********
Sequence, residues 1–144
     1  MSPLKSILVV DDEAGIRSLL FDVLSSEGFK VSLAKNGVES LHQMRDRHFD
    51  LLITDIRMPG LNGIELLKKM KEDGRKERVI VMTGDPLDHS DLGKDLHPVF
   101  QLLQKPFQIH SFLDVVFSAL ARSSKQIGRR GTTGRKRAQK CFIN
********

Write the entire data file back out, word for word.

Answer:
Sequence, residues 1–144
     1  MSPLKSILVV DDEAGIRSLL FDVLSSEGFK VSLAKNGVES LHQMRDRHFD
    51  LLITDIRMPG LNGIELLKKM KEDGRKERVI VMTGDPLDHS DLGKDLHPVF
   101  QLLQKPFQIH SFLDVVFSAL ARSSKQIGRR GTTGRKRAQK CFIN